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Monday, November 19, 2012

The People's Park

We were making progress.  But it was time to get out of the hotel.  Mimi was still scared of so much, but it was becoming apparent that staying in the hotel room was actually making things worse.  There were no distractions in the room.  So we tried plan B.  I strapped Mimi in the Ergo, and and we decided to get out of the hotel.  Our whole travel group was headed to explore more of Nanchang, Jiangxi, and visit The People's Park.
I stroked Mimi's temples, she looked around, and we felt each other's heart beats.
And we walked
and walked
and walked.
Of course there was a lot of dancing going on.  Oh my, these women are so serious about the dancing!  And I can not tell you how much I love to see these women practicing their art.  It is gorgeous to watch and each women, whether she's just learning or showing the others, holds such strength and grace.  They were one of my favorite parts of visiting China's parks.  
By this part of our China trip, my father had joined us.  He traveled by himself, for 3 calendar day, to meet us in Jiangxi.  The final leg of his travel was from the Nanchang airport to our hotel via city bus.  Yep, I said bus.  He adores the adventure.  And I adore him for being there with us.  
And while the women dance, the men play games.  Some version of Chinese chess.  Games were scattered all over the park.  
Here's Livy admiring the koi.  And the locals admiring Livy.  They were so colorful and definitely worth admiring.  Both the koi and Livy that is!
Tess saw this photo and said it is Mulan's house!  I'm not sure what it was... except gorgeous   I love the dichotomy of the old style building with the modern high rise in the background.  
How about a game of mahjong?  Each park we went to had large banquet-type rooms where folks played mahjong.  Sometimes the rooms were packs with folks, men and women, playing the game.  The rooms were pretty quiet except for the tiles clinking, and most of the players were seniors.  Notice the arm warmers on the participants, at least that's what I think they are.  I've been looking for someone to teach me mahjong for a few years now.  
This park also had a children's section complete with amusement park rides.  Not sure I would trust the safety standards, but many of the locals were enjoying them!  Below is one of the many children's attractions.  There was a large pool of water filled with goldfish.  The children tried to fish out a goldfish and then got to keep it.  This little guy was so adorable!
There was time to take a little break, sit back, and watch China.
Mimi stayed all bundled up in the Ergo.  My coat was big enough to be wrap around her and the Ergo and zipped up.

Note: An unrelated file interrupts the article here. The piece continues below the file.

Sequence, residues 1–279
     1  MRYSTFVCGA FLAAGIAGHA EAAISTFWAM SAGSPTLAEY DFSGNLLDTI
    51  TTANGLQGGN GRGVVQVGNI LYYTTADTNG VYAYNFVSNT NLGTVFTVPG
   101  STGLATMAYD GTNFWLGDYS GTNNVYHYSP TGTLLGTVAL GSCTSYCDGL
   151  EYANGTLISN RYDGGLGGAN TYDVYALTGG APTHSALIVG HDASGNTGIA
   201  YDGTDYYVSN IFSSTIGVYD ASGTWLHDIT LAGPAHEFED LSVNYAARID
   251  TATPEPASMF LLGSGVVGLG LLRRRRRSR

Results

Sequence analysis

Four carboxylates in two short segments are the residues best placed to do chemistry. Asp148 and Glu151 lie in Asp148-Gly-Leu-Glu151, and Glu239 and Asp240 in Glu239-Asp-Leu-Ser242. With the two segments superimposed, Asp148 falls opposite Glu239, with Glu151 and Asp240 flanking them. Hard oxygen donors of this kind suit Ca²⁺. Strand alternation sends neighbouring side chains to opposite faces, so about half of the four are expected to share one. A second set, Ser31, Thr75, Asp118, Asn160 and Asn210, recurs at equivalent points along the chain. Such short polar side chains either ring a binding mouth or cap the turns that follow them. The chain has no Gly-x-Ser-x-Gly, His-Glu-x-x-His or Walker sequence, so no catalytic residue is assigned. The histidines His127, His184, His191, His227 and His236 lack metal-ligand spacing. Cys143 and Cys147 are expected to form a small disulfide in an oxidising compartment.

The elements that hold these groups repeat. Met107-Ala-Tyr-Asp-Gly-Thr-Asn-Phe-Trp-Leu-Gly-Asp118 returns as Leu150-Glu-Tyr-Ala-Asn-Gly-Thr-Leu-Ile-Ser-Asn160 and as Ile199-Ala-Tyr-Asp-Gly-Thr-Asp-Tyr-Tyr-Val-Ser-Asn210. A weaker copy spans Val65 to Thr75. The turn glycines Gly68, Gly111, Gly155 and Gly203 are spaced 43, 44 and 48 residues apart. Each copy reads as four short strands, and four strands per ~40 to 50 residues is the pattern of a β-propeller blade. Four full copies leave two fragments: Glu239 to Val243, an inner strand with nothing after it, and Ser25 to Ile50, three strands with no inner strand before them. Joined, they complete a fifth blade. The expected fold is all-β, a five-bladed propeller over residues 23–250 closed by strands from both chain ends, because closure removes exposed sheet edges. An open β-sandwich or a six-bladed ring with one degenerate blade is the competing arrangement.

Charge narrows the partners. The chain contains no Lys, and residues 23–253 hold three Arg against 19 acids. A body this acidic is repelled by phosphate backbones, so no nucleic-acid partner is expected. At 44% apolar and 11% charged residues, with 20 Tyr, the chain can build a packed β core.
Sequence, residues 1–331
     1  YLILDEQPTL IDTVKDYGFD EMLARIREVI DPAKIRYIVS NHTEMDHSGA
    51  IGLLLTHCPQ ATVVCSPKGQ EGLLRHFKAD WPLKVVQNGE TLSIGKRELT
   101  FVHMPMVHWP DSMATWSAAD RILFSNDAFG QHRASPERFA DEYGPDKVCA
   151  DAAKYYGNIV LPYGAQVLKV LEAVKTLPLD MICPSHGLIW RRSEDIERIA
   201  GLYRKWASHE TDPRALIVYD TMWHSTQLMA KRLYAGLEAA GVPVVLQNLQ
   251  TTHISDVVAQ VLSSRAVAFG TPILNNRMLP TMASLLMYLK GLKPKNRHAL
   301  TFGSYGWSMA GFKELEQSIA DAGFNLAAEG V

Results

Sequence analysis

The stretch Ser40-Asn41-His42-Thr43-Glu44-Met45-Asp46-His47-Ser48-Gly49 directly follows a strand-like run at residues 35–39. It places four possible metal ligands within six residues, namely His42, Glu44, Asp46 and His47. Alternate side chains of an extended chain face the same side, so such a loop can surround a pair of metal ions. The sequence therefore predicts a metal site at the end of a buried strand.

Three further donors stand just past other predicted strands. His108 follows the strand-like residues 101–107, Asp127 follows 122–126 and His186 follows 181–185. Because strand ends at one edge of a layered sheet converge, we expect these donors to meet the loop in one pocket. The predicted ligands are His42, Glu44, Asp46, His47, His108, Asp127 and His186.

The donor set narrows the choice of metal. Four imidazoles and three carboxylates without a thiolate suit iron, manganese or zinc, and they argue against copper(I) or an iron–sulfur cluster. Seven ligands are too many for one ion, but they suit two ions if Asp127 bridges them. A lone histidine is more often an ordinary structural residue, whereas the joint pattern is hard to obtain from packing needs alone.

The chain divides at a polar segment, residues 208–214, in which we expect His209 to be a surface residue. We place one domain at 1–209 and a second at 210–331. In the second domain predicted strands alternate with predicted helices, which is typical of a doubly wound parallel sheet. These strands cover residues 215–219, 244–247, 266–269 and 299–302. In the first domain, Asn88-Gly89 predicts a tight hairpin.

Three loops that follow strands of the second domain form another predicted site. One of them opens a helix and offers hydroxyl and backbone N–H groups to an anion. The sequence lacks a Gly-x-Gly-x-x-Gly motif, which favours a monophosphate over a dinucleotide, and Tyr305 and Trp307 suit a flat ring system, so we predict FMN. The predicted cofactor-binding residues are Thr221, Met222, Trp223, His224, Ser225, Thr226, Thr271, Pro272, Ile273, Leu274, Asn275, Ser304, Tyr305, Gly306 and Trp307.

This might be a good time to tell you about the local Is-Your-Child-Warm-Enough Granny Police.  
The senior women in China take the responsibility to make sure that us foreigners are properly taking care of our new Chinese children.  This includes the warmth of the children and if they are properly dressed. And by properly, I mean Chinese properly.  In cooler weather, (not cold by any means) one might think that would mean a light jacket, long sleeves, pants and perhaps a hat.  And one would be wrong.  Very wrong!  In cooler temperatures children in China are expected to dress with multiple layers until they look like little Michelin men and can't actually move.  I'm sure they are sweating beneath all this clothing.  
The Granny Police have no problem invading your personal space to see if your child meets their standards.  I doubt the Granny Police have ever even heard of personal space.  
On our visit to this park, the grannys were out in force.  Both my dear friend Carry and I had our new daughters in our Ergos.  We were approached multiple times by the Granny Police.  They would pry their hands into our Ergos and peer inside to see what our children were wearing.  No introduction.  No getting to know you.  Just some getting felt up and a quick judgement.  And judge they did!  Papa and I had experience with the Granny Police in VietNam and came well prepared.  So I often received many thumbs up from the grannys.  But poor Carry didn't fare so well.   Her daughter wanted nothing to do with her hat, and she was pretty comfortable.  Where as Mimi and I were sweating bullets   Poor Carry was admonished many times over.  There was a lot of finger wagging going on in her direction.  Meanwhile there were a lot rashes in unmentionable places being created for Mimi and me.